Death of a person during detention and the refusal of the authorities to provide information to relatives about the causes of death. Violation of the right to life and Article 3 of the ECHR
Shuriyya Zeynalov v. Azerbaijan 10.09.2020 (app. no. 69460/12)
Death of a young man in custody. Non-issuance of forensic report to relatives. Prohibition of inhuman and degrading treatment, right to life and obligation of the state for effective investigation.
The applicant’s son was arrested and remanded in custody for 5 days. He died on the 5th day of his detention, without having any specific health problems. There were bruises on his body that proved fatal bodily injuries. Authorities refused to give relatives the details of the file, including the forensic report. The domestic courts rejected the applicant ‘s request for information. All the relatives were then accused of defamation for publishing photos showing the bodily harm.
The ECtHR found that the Government had not provided strong evidence to justify the existence of the injuries on the body of the deceased and considered that this ill-treatment had caused him severe bodily harm and mental suffering, reducing his human dignity. It thus held that there had been a violation of Article 3 of the Convention.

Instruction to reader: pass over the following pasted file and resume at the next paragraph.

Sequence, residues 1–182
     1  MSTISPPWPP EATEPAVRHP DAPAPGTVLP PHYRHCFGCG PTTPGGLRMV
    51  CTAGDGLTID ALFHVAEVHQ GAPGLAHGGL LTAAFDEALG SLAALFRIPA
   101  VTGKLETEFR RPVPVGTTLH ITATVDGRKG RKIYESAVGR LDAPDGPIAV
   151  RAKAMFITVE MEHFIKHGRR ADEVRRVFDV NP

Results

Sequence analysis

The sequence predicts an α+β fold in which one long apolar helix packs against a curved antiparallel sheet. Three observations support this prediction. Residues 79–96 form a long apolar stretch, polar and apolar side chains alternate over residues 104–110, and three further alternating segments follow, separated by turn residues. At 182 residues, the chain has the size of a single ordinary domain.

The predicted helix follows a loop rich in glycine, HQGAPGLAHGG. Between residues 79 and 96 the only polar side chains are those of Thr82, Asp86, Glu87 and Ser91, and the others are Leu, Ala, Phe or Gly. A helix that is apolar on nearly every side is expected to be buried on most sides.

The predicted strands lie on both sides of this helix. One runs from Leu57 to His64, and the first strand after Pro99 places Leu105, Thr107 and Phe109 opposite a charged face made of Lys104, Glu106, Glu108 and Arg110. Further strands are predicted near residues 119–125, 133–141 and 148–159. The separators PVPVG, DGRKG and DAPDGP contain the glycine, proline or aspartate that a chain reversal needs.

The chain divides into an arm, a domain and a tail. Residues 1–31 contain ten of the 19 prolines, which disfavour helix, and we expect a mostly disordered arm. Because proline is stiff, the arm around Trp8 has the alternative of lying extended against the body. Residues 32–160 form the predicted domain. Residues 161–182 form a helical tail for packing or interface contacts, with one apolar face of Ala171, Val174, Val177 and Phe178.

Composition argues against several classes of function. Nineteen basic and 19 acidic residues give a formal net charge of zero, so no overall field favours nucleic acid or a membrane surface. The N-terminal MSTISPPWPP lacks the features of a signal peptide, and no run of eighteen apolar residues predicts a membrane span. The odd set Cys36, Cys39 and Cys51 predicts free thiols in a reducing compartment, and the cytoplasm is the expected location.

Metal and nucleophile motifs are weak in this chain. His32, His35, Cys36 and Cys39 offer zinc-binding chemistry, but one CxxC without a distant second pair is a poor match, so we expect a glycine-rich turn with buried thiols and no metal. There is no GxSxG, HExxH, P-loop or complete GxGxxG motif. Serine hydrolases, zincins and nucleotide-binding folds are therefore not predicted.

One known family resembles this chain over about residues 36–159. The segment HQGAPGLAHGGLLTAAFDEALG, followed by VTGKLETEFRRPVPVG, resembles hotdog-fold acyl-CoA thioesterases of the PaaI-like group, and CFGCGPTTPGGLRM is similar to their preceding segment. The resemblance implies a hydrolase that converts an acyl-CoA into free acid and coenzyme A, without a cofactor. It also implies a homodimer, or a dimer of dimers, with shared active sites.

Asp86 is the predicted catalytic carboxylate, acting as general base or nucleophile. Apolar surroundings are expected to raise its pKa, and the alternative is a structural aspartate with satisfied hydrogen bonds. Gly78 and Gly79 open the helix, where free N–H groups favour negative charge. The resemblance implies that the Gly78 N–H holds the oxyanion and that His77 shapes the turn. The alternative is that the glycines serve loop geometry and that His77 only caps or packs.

With regard to the right to life, the ECtHR found that the domestic authorities denied access to the relevant evidence, accused the family of the deceased of defamation of their legitimate request for an effective investigation, failed to cooperate with the Commission against Torture, and did not provided convincing evidence of the causes of death, and therefore considered that there had been a violation of Article 2 as regards its substance.
Finally, as regards the investigation, the ECtHR has already found that the prosecutor’s office did not inform the applicant of the progress and outcome of the investigation and that the applicant did not receive copies of the file, therefore deeming the investigation ineffective and therefore breach of Article 3 as regards the procedural part.
The ECtHR awarded the applicant EUR 35,000 in respect of mental suffering.
The applicant, Shuriyya Mahmud oglu Zeynalov, is an Azerbaijani national who was born in 1938 and
lives in Nakhchivan.
The case concerned the applicant’s son’s death in detention, allegedly due to torture by agents of
the Ministry of National Security of the Nakhchivan Autonomous Republic (NAR).
In August 2011 the applicant’s son, Turaj Zeynalov, born in 1980, was placed under arrest by the
Ministry of National Security of the NAR and charged with high treason after being accused of
collaboration with Iran’s intelligence services.